Paul Faugno, a Hackensack attorney representing North Bergen Department of Public Works Supervisor Francis Longo, told Hudson County View that this scandal “goes right up the ladder to James Wiley and above.”
By John Heinis/Hudson County View
Faugno returned a call from Hudson County View one day after a story had sources say that the trial of Longo and fellow North Bergen DPW Supervisor Troy Bunero had their trial pushed to May 12 – Election Day for the township.
After confirming the May 12 date was accurate, Faugno explained his frustration with the ongoing delays in this trial, given that Longo and Bunero were indicted on Sept. 21, 2012 on charges of performing personal chores and working for political campaigns while on township time.
“They’ve [the state Attorney General] switched attorneys mid-stream up until October 2014 and now a new [representative] from AG is trying the case,” Faugno explained.
“The case has been delayed several times because of scheduling issues pertaining to the original AG [counsel]. Why didn’t they make the switch in the beginning? It’s been very frustrating.”
Furthermore, Faugno told Hudson County View that Longo has maintained his innocence from day one (he and Bunero pleaded not guilty to the charges in October 2012) since he was authorized “to do anything he did by higher-ups in the administration.”
“My client, Mr. Longo, from his perspective, was authorized to do anything that he did by higher-ups in the administration. He was authorized to do so by people in supervisory positions.”
“In North Bergen, if you don’t do what your told, you’re out, and I think that will be a common theme you hear from witnesses throughout the trial. This goes right up the ladder, to James Wiley and above, and that’s all I’m going to say about that at this time.”
Wiley was the North Bergen DPW Assistant Superintendent before he was indicted on similar charges on Sept. 11, 2012, naming Longo and Bunero as accomplices when he pleaded guilty.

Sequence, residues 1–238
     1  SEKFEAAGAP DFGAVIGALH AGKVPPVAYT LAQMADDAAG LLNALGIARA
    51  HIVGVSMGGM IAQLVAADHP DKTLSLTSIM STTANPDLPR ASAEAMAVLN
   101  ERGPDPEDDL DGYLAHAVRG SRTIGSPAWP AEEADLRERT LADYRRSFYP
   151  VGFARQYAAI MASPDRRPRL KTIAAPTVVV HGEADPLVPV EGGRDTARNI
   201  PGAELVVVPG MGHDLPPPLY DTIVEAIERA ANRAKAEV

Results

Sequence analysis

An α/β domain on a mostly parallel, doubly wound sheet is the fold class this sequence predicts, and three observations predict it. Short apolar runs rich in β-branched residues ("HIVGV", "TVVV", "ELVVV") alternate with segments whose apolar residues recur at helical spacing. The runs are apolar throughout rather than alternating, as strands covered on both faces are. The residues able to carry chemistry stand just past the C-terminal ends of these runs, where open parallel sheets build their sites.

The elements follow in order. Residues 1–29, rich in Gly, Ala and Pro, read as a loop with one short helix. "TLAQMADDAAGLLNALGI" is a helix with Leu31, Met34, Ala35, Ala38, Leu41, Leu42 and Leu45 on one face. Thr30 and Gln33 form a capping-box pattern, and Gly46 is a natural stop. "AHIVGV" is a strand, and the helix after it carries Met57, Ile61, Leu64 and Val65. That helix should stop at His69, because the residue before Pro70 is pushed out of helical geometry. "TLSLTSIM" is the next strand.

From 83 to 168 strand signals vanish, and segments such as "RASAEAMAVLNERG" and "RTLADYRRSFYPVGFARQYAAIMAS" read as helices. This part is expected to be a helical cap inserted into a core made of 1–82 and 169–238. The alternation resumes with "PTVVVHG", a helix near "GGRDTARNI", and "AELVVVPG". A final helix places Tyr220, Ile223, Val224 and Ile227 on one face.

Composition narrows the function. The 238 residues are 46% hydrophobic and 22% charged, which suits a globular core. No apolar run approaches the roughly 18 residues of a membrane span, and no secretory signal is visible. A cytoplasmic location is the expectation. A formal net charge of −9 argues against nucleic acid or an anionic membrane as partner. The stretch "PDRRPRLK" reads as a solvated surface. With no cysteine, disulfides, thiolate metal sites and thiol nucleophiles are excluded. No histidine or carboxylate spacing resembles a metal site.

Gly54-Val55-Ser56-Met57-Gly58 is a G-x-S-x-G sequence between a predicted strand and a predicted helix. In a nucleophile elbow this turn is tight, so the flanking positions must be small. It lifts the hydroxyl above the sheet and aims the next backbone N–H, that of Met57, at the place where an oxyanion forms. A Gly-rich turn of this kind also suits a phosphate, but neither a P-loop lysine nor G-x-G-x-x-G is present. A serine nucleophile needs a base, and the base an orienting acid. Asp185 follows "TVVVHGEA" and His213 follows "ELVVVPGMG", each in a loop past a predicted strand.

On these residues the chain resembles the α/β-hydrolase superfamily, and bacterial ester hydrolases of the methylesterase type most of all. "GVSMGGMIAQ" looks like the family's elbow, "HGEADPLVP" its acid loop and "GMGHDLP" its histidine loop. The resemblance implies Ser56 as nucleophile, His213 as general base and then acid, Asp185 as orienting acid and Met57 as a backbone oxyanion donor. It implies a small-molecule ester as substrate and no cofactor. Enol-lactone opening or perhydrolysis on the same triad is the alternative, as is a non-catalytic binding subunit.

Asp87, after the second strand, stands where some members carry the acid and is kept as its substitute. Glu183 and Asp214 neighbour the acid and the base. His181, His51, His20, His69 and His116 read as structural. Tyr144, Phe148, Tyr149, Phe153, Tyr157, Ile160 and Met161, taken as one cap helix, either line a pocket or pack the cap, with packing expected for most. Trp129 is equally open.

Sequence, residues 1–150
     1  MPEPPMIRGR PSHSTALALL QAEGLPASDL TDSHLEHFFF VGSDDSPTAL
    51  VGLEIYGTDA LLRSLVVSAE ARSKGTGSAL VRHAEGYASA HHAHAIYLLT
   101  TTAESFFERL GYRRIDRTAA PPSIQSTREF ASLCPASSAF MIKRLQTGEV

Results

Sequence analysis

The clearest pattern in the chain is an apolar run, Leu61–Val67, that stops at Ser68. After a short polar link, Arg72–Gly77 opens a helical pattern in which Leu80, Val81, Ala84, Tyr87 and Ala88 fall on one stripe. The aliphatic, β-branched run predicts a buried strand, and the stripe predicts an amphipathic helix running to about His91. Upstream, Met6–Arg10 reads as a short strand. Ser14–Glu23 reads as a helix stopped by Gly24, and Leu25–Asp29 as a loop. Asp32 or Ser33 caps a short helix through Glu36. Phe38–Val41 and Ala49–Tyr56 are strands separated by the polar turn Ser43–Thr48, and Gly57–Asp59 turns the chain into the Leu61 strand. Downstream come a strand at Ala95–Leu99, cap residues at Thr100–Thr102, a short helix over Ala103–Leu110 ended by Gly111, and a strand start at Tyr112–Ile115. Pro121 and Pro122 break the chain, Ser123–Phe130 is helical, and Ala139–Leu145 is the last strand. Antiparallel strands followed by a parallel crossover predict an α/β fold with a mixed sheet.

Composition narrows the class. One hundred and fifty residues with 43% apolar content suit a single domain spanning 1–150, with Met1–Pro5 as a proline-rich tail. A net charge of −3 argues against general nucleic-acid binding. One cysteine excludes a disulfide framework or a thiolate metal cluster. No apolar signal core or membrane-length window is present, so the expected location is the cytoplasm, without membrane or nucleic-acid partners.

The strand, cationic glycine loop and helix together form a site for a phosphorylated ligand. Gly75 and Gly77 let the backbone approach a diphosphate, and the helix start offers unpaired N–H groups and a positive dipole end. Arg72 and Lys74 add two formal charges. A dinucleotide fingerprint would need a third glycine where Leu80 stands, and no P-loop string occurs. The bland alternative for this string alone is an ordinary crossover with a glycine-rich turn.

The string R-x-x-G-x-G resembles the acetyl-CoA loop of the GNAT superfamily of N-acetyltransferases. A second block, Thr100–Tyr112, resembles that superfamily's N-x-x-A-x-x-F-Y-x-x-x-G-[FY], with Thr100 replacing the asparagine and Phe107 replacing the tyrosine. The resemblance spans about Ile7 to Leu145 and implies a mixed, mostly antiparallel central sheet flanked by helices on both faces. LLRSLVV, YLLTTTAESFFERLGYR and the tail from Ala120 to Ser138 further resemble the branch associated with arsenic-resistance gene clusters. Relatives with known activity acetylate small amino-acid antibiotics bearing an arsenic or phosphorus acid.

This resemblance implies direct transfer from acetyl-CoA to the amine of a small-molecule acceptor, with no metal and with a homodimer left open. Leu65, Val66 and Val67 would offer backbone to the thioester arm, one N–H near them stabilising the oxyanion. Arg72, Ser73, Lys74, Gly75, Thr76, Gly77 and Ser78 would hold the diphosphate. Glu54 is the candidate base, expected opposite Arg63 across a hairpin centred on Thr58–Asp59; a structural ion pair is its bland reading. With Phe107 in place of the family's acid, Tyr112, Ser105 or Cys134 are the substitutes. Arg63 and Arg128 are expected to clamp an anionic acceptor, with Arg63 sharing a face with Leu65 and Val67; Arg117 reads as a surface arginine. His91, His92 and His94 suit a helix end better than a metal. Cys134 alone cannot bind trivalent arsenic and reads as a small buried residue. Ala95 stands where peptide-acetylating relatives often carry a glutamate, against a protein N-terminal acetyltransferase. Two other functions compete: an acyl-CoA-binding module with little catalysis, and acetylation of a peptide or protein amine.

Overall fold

Wiley, Bunero, Longo and North Bergen DPW Deputy Director Timothy Grossi, who also faces similar charges to his aforementioned colleagues, were all suspended by the township without pay shortly after they were indicted.
Faugno was also asked if he thinks the trial will finally commence on May 12, as well as what his take is on the Bergen County Superior Court proceeding being scheduled for Election Day.
“My client is very frustrated because he wants his day in court. The judge perceives that this case is getting so old it’s getting problematic from a speedy trial set of circumstances, so I think May 12 will be the day,” he said.
“It’s an Interesting coincidence [that] the date is Election Day: what it means? I don’t know.”
Brian Neary, the Jersey City attorney representing Bunero, was far more succinct when telling his side of the story to Hudson County View.
“This is really all about Wiley and his attempt to deflect his responsibility in the North Bergen Department of Public Works,” Neary said.
When asked what he thought about the trial being scheduled for the same day as Election Day in North Bergen, Neary was clear in stating that he felt there was no correlation between the two events.
“This isn’t politics. This is a criminal case … Criminal cases are complicated and sometimes take longer than they should, but ultimately they get tried to juries and that’s what we’re getting ready to do on May 12.”